It was a crisp fall day. My son was running a half marathon and our entire family had come to cheer him on. I sat in front of a huge bonfire overlooking a beautiful, scenic valley. A mist had settled over the mountains in the distance, and the sun was trying to peek through the clouds. Huddled in front of the fire, I sipped hot coffee and observed the people standing around me. Loud music played in the background.
I barely noticed him at first. He had wandered over to the fire and sat down in the chair right beside me. I sensed his presence and looked over to see an adorable little boy. He was about five years old. He was dancing in his chair to the music, and enjoying a peanut butter sandwich. Watching him made me think of my own boy, that boy who is now a man. He never could sit still…he still can’t! I pictured my own little boy sitting next to me, dancing in his seat, eating a peanut butter sandwich. I quickly turned away to scan the valley in front of me, wondering if I might catch a glimpse of him.
Without warning, tears began to flow.
I’m not sure why they came. It was one of those moments of the heart when you are struck with the reality of the passing of time. I looked up one day, and a young man in his 20’s was standing in the place where there was once a young boy.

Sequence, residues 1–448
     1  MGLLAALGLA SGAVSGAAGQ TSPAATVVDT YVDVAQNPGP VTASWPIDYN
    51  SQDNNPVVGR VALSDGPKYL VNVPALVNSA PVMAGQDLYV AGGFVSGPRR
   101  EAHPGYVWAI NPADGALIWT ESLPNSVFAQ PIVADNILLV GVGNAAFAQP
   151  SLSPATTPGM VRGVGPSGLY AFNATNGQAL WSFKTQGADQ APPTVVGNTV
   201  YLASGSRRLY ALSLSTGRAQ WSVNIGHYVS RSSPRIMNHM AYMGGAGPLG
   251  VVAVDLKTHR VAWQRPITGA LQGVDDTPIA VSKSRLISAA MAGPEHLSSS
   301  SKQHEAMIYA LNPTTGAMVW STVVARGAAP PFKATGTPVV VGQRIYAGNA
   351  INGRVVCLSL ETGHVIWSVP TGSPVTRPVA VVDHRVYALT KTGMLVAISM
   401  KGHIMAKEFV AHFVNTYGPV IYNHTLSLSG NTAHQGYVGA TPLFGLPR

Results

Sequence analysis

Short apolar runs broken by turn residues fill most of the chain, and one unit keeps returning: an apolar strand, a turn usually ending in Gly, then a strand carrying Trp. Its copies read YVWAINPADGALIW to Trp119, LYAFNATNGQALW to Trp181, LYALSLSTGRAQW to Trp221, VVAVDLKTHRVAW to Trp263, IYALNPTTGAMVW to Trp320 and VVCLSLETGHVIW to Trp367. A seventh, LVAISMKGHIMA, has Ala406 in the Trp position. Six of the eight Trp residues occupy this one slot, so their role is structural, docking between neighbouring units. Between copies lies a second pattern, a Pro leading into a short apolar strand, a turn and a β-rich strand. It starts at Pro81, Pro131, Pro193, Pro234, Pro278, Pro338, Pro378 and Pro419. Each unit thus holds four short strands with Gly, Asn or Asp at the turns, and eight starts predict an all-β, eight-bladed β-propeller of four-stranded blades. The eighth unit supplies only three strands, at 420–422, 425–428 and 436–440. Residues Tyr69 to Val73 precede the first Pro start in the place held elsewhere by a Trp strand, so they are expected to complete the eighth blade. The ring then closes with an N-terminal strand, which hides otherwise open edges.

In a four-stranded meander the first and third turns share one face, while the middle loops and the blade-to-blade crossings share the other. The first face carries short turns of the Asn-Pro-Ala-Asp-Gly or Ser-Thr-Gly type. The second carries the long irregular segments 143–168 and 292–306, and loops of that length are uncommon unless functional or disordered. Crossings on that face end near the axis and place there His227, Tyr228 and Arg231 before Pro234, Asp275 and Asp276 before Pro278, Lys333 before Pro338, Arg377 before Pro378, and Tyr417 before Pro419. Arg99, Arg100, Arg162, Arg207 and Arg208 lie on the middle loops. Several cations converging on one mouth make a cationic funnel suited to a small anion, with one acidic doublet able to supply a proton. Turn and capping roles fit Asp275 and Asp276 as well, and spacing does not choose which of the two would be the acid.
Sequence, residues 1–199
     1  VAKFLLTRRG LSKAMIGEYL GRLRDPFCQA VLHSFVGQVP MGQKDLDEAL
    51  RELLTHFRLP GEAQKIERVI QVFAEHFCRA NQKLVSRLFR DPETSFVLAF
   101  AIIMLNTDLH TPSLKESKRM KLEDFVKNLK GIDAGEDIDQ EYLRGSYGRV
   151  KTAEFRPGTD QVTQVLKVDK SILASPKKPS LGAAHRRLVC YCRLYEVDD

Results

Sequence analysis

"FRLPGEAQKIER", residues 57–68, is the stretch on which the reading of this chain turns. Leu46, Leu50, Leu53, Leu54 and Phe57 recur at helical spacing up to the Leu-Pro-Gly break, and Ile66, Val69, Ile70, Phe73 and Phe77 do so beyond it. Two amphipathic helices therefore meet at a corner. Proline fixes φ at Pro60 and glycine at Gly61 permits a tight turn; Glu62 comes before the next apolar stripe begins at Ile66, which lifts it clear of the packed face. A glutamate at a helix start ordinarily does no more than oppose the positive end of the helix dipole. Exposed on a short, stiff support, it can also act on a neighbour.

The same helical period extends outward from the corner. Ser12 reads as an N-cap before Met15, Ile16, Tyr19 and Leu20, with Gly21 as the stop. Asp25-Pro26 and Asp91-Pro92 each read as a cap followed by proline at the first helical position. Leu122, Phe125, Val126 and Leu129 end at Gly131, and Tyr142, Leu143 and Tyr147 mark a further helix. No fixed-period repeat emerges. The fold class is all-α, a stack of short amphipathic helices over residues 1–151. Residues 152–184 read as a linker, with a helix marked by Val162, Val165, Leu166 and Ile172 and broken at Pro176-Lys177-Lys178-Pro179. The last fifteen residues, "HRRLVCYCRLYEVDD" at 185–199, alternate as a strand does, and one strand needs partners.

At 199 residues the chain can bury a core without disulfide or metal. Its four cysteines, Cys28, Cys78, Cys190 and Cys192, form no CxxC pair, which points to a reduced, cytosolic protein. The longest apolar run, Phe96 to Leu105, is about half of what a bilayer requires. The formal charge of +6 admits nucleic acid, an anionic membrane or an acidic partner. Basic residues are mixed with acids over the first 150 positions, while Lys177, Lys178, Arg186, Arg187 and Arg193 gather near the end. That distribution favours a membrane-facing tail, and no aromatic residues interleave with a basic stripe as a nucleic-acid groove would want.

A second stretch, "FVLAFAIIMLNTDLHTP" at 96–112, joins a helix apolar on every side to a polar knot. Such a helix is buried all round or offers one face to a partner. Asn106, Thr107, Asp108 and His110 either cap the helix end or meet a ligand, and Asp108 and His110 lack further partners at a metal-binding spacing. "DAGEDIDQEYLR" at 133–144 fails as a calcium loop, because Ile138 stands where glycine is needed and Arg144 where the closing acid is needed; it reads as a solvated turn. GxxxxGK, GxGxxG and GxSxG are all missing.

I am not one who longs for the days when my children were little. Each season has been full and has brought new joys and new challenges. I cherished those days of having younger children and have sweet memories, but I do not long for them. I fully enjoy my children in the present. For me the hard part is the adjustment of entering a new season. As a parent, just when you think you have it all figured out, you have to learn how relate to your children in a new way. You have to find new ways to be a part of their lives.
The contrast hit me. There was that precious little boy dancing in the seat next to me, and that precious young man out there running the half marathon. It was a picture of the beautiful, harsh reality of life. I am in the wild storm of transition.
For years I held his hand while loving, guiding, teaching and training him. Over the past few years I have been learning how to step back, let go of his hand, and allow him to walk on his own. To hold on would be wrong. There is a relief in the letting go, but there are also tears. That mystery that is present in every mother’s heart.
As I let go, he is able to reach out and fully take the hand of God. He is able to be loved, guided, taught and trained by the One who has called him to follow Him. In this new season I am given a new job description. My job is to step back and cheer him on.
And that’s exactly what I intend to do.